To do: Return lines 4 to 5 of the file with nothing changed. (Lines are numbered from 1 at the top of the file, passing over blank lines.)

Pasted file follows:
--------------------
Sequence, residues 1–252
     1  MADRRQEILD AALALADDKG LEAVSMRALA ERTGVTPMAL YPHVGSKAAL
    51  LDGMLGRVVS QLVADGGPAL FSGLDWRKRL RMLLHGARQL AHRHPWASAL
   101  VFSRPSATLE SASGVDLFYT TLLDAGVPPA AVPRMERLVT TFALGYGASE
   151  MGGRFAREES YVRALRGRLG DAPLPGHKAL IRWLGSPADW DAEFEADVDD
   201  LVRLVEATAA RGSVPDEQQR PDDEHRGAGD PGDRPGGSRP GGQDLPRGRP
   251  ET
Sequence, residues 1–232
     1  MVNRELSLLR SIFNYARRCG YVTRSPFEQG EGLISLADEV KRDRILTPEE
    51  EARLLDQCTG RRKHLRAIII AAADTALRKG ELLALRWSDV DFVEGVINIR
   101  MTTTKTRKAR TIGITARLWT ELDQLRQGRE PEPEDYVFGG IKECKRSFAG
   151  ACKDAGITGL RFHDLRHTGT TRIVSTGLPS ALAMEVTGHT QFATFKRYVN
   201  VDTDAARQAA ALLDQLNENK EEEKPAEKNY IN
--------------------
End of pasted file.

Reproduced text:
   101  VFSRPSATLE SASGVDLFYT TLLDAGVPPA AVPRMERLVT TFALGYGASE
   151  MGGRFAREES YVRALRGRLG DAPLPGHKAL IRWLGSPADW DAEFEADVDD